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Web Copy: Do’s and Don’ts

Updated: Feb 15, 2023

Woman working on her laptop and taking notes with a pen and piece of paper

If you haven’t read the first two parts of this blog series on web copy, we suggest you read them first. Part one discusses what web copy is, and part two discusses how to connect with your readers. This is the third and final article on web copy and, we are going to get down to nuts and bolts with a few tips and tricks that will improve your web copy and help you secure more clients for your business.

Do: Call to Action

The purpose of your web copy is to sell your business’s product or service. Your web copy should instruct the reader on what to do next in order to become a client. Examples include phrases like, “Click here to learn more” or “Looking for comfortable shoes? Browse our Inventory!” A call to action needs to be short, simple and phrased as a command.

Don’t: Imply Things

Say it outright, or don’t say it at all. Remember that your readers are on a mission to solve a problem. They won’t waste time trying to decipher cryptic messages. If your writing can be interpreted two different ways, they won’t bother figuring out which one is correct, they will just leave.

Do: Keep Things Short

You might feel the need to put all the information on your products or services out in front. That is a mistake. To much information in one place is going to feel like an overload. Start with short summaries. From there, use a call to action to direct readers to make a purchase or to learn more. Keep in mind who your audience is. Most consumers won’t be interested in highly technical details. For those that are, you may wish to have them contact you directly. Use a call to action like “Have questions? Send us a message.”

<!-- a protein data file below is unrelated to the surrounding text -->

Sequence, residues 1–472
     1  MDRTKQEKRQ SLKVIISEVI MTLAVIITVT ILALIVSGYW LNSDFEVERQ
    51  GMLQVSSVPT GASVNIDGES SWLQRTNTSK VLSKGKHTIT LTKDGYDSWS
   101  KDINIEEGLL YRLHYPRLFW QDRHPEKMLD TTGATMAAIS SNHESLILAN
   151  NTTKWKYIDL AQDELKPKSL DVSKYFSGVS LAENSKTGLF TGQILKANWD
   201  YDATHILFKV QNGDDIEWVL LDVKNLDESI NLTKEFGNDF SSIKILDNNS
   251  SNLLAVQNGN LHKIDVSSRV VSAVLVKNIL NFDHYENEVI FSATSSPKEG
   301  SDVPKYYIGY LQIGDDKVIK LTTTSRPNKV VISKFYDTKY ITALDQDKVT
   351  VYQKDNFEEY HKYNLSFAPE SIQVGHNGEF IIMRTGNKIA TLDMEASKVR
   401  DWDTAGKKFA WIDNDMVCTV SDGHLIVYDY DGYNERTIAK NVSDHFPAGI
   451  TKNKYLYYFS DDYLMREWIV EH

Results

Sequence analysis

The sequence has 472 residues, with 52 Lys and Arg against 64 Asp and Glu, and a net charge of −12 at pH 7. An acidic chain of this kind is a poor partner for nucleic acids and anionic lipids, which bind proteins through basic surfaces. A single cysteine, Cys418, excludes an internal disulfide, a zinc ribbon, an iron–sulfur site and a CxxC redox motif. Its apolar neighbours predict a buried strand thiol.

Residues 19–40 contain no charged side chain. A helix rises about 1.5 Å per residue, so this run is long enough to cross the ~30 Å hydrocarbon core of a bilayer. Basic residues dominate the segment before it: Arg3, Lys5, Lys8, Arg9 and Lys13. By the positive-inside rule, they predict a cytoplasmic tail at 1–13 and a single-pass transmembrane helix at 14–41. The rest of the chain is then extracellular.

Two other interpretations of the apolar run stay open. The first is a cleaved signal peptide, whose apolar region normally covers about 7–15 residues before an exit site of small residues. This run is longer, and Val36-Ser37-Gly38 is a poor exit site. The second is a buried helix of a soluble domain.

Don’t: Use Small Fonts

You’re trying to catch people’s attention! A small font makes people think of “fine print” which means that they are most likely going to skip over it. Size your text according to its level of importance. Larger text is going to catch the eye more quickly than small text.

Do: Use the Word “You”

Talk to the people that are visiting your site. Don’t use a “welcome” message, that’s an outdated practice, but address your visitors. This practice helps build a subconscious connection with readers. It helps potential customers frame your products in terms of their needs.

Don’t: Use Crazy Fonts

They may look cool, but remember cool is for your logo, not your text. Text should be easy to read. It’s important to use a common font that is going to be easily read by different devices. Some of the more obscure fonts will not be accessible to everyone on every platform. On websites, it is generally best to use a sans-serif font. It gives your text a more modern feel. Good fonts include Arial and Helvetica.

Your ability to write web copy will improve over time as you practice and constantly scrutinize what you already have. If you’re struggling, you may wish to hire a professional to help you out.

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